The batsmen’s inability to negotiate spin bowling and capitalize in the death overs and inconsistent bowling that included far too many short or full deliveries and a plethora of wides – 38 – that led to extra deliveries and increased scoring opportunities contributed to Canada’s four-game sweep at the hands of the United Arab Emirates (UAE) in the just concluded 50-overs and Twenty/20 series.
Canada dropped to last place in the International Cricket Council (ICC) World Cricket League (WCL) 50-overs competition with 46-run and two-wicket losses at King City last week. The national side has three points from 12 matches with just one victory – that was against Namibia on the road last April – in the eight-team tournament.
A switch in venue to Toronto Cricket Club for the Twenty/20 contests did not result in a change of fortunes as the Canadians succumbed by 72 runs and seven wickets last weekend.
“This was a meltdown after promising results against the United States,” said coach Gus Logie. “Players were getting runs and wickets and our confidence was high. We started against the UAE on a high note in the four-day match that was reduced because of rain, so it was really disappointing to see how flat we fell in the shorter forms of the game. It represented a big letdown.”
In the first Twenty/20 match, Canada lost its last nine wickets for 51 runs in 10.1 overs to crash to 85 all out in 16.2 overs in reply to the visitors’ total of 157-7 in their 20-over allotment. The next day, an 86-run fourth wicket partnership in 11.3 overs between Raza-ur-Rehman (47) and Ashish Bagai (46) was the host country’s only bright spot as a total of 137 proved to be far too inadequate for the UAE which reached their target in the 19th over with seven wickets in hand.
“The batting has been poor and brittle,” said Bagai, who rejoined the national side this summer after graduating with an MBA from the Wharton School of Business in Philadelphia. “Guys are not responding well to the pressure. We have been putting in a lot of hard work but it’s not translating into results and that is what is frustrating.”
Recognizing Canada’s weakness against spin, the tourists stacked their line-up with slow bowlers, including left-arm spinner, Shadeep Silva, who opened the bowling.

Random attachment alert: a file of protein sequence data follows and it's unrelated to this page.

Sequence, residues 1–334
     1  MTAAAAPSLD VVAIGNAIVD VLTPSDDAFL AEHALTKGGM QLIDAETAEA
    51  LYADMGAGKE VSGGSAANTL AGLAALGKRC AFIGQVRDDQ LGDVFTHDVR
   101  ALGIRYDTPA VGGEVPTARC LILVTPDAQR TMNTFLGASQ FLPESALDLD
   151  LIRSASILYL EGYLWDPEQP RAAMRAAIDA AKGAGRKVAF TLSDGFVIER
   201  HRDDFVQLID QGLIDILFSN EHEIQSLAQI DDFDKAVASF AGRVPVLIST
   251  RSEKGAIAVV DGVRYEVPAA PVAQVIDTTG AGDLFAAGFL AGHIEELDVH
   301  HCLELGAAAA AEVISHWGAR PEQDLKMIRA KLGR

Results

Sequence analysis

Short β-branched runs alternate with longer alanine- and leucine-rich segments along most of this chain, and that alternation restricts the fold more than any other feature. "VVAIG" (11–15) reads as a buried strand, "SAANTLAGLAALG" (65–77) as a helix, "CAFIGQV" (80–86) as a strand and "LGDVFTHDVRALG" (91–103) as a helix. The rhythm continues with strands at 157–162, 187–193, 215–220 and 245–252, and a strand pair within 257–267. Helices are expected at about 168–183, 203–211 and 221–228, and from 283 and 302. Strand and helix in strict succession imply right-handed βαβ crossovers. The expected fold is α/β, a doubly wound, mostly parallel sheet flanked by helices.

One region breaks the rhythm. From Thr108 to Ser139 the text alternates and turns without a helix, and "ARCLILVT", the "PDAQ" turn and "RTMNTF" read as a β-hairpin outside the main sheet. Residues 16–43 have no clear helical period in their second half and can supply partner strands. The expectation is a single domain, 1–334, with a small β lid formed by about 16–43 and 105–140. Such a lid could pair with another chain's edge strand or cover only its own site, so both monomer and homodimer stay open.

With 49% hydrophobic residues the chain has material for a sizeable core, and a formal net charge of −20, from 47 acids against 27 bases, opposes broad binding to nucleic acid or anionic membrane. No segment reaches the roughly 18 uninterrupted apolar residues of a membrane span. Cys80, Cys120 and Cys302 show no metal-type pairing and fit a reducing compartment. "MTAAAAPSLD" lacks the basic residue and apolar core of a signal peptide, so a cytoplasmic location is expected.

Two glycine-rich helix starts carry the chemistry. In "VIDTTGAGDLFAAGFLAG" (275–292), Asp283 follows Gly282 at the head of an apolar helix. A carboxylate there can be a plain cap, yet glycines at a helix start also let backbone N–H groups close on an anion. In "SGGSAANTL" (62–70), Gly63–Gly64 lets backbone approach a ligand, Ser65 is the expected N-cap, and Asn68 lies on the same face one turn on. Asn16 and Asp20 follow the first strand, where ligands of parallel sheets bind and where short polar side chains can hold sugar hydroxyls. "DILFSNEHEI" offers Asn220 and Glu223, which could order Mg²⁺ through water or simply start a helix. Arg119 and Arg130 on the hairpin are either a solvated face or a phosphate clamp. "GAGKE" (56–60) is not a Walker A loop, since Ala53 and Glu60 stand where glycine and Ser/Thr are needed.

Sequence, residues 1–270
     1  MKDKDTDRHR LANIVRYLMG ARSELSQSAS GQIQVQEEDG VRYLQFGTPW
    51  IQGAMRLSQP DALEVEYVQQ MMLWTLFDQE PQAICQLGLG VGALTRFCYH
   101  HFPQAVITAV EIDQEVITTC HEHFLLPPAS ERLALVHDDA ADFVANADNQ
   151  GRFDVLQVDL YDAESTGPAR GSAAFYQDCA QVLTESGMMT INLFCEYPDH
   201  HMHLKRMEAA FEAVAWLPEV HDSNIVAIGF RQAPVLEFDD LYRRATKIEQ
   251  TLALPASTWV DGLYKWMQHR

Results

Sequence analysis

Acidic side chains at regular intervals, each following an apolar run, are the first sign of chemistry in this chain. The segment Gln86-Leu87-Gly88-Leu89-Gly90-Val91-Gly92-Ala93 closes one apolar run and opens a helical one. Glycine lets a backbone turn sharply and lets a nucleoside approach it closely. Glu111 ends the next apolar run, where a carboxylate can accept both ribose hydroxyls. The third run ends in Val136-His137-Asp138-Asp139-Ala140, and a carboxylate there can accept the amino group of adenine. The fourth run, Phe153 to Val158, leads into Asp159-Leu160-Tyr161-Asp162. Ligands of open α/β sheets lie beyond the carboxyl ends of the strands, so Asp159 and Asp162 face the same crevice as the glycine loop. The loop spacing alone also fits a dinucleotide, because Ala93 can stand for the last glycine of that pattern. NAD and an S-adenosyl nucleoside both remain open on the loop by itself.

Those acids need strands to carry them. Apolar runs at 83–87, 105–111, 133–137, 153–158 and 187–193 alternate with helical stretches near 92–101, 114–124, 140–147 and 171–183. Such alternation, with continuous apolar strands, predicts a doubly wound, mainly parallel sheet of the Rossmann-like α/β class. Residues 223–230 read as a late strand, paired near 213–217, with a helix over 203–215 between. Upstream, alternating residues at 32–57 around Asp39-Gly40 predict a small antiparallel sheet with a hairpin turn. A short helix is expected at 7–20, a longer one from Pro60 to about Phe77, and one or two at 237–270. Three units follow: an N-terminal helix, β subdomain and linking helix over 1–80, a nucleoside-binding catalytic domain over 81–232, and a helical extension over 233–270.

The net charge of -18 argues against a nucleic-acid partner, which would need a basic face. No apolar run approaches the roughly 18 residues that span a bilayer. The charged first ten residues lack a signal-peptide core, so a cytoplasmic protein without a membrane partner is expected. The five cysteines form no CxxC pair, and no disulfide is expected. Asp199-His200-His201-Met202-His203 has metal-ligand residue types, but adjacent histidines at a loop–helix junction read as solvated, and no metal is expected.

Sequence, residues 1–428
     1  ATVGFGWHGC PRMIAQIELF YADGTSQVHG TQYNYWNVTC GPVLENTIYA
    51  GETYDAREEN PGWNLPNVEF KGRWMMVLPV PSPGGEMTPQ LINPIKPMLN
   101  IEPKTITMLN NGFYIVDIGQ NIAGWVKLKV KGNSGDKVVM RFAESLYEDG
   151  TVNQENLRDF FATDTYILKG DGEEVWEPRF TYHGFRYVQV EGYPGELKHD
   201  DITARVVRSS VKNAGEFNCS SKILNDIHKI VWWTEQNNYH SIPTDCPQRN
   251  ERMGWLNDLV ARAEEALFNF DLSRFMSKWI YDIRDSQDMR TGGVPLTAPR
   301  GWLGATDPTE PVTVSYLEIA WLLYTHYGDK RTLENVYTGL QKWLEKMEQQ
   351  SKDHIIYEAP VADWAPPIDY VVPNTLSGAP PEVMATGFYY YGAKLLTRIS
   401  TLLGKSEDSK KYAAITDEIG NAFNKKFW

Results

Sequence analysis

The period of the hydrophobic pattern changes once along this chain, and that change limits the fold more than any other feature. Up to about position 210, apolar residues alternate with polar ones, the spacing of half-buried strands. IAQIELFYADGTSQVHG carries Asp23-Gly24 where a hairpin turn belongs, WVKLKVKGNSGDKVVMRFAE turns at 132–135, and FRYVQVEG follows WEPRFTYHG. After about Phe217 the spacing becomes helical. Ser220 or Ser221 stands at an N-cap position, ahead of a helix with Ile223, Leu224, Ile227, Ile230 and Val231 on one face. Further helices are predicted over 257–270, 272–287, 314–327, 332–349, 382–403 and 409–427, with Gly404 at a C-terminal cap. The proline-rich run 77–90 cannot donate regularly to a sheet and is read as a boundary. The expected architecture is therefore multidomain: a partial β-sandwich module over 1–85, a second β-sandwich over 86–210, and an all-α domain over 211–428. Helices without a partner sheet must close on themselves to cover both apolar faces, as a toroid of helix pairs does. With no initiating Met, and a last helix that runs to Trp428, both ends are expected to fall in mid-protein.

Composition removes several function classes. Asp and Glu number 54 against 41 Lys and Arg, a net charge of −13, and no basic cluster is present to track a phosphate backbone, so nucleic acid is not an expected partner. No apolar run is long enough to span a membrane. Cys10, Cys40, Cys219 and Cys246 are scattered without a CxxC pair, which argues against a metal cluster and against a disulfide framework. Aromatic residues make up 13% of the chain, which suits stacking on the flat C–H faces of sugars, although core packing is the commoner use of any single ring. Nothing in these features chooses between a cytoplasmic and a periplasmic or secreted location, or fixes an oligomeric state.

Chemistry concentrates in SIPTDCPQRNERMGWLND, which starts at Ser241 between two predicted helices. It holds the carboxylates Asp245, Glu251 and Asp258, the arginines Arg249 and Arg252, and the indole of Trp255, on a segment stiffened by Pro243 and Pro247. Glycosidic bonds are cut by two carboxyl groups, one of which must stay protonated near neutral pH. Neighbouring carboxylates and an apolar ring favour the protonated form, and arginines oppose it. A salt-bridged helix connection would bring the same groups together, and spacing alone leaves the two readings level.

“It’s about our players having the confidence to hit the ball down the ground instead of trying to go across the line,” said Logie. “These are things we have talked about and we have worked on, but we are just not executing. There is a lot of work still to be done with these players who we believe are the best that are available.”
Silva also opened the bowling in the 50-overs matches that saw three Canadians – Ruvindu Gunasekera, Usman Limbada and Hiral Patel – register half-centuries and all-rounder Rizwan Cheema pick up four wickets for 16 runs off 7.2 overs in the last game.
The scheduled four-day Intercontinental Cup fixture was ruined by bad weather that washed out the first day’s play.
Middle-order batsmen Nitish Kumar and Damodhar Daesrath recorded centuries – 103 and 111 respectively – in Canada’s impressive first innings total of 369-6 in 86.3 overs after former Guyana fast bowler Jeremy Gordon took a hat-trick to restrict the visitors to 116 in 38.5 overs. Gordon finished with 6-63 off 13.5 overs.
The UAE were 207-4 in their second innings when the match ended.
Gunasekera, a left-handed opening batsman, has been Canada’s most consistent scorer in the last three weeks with 453 runs (av. 50.33) in 10 innings.
“He has been around for a while and I am trying to impress on him that 40s and 50s are not good enough,” said Logie. “We are asking him for big performances. He’s in good form and we trust he will continue with it.”
Canada hosts the Netherlands in an Intercontinental Cup contest from August 22-25 and two WCL 50-overs matches on August 27 and 29. The games will be played at King City.
By RON FANFAIR